When the decision to transfer the memorial of Saint Pedro Calungsod was being deliberated, it seems that this notional shift was not taken into account. And so, in 2013, Filipinos were advised to transfer the memorial to the Saturday before Palm Sunday. Or perhaps this was ignored, being obviously outdated and latently dangerous in the established worldview, because we have to get on with the times. Either way, knowing that this is the tip of a bigger question, let us ask Saint Pedro Calungsod to intercede for us, that we may endure with forbearance the vicissitudes of the world to which we are consigned, and grant us the same youthful fortitude that enabled him to submit to martyrdom.
We are a week away from Holy Week. Jitterbugs we become. A lot of things are to look forward to during Holy Week, so much so that some of us experience that obscene sensation called excitement in the preceding days. Solemn and ancient liturgies often coax out a rare species of dedication to prepare and rehearse that the saner of our lot would call cramming. Left and right issue forth the trousseaus of damask and brocade earmarked for the hallowed days. Ceremoneers inventory all their servers and assign days for service, and rescue Holy Week ceremony books gathering dust in the sacristy drawer. Santeros and camameros fret about the missing accessory of their gerenciales. And choirs delve into their repertoire, vast or not, handpicking the de rigueur and rethinking the workable.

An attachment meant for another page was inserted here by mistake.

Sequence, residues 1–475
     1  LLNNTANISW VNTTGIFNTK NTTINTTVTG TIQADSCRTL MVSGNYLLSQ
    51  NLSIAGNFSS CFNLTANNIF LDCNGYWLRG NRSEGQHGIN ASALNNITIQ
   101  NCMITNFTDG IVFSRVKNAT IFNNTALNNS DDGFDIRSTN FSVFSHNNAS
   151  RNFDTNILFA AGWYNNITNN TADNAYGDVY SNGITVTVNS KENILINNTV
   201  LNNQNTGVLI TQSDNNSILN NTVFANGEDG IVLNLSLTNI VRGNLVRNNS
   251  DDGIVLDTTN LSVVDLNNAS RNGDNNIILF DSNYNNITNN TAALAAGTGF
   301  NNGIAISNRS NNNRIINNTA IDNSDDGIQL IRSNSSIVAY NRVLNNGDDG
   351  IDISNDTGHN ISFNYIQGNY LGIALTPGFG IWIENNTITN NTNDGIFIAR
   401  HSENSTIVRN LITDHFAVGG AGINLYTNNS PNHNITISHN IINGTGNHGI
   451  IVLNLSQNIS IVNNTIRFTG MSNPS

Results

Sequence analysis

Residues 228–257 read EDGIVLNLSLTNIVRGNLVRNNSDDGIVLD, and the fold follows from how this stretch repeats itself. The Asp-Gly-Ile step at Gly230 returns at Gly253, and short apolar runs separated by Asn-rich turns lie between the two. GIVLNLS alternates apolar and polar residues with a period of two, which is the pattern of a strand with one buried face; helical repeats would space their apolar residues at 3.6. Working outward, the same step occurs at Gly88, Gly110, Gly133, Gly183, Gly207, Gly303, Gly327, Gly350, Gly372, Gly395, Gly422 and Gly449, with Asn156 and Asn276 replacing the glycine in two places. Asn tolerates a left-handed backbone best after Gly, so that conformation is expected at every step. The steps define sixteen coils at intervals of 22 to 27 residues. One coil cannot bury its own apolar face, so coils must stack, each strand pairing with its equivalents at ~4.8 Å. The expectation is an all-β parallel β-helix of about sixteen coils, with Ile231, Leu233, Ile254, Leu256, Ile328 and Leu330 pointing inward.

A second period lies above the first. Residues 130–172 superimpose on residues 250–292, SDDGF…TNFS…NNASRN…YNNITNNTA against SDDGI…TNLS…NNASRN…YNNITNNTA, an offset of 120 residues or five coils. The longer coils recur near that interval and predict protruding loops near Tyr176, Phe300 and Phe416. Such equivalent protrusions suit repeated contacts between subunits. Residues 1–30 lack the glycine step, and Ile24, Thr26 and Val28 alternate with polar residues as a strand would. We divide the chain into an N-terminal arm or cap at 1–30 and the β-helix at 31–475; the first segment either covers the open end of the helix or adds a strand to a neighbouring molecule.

Whether de rigueur or workable, one Holy Week piece commands admiration, exudes an unparalleled spellbinding appeal that has captivated, and continues to captivate for that matter, many souls, believers or not. It is Allegri’s Miserere, whose history is as interesting as the mystique surrounding its accessibility is mythological. Today, of course, when the ornamental technique so closely guarded by the papal choir has but faded, the restrictions having become quite likewise moot, or so we believe, we can experience its beauty from performances by historically-informed professional choirs.
The Miserere, of course, refers to psalm 50, the psalm whose first verse is chanted at the end of the Asperges every Sunday outside Eastertide. In the older praxis, the priest is expected to recite the entire psalm from memory while passing through the nave sprinkling blessed water. But this is not the part where the Miserere obtained its fame. Its stint in the Office of Darkness, the Officium Tenebrarum, what we fondly call tinieblas, is what poised it for the renown it was to acquire and accumulate. The tinieblas encompasses two canonical hours: matins and lauds. At the end of lauds, after the strepitus, that is, the din and crash signifying the astonishment of all creation at the death of the Son of God on the cross, those praying the Office, in a gesture of repentance and penance, recite the entirety of psalm 50, submissa voce and recto tono.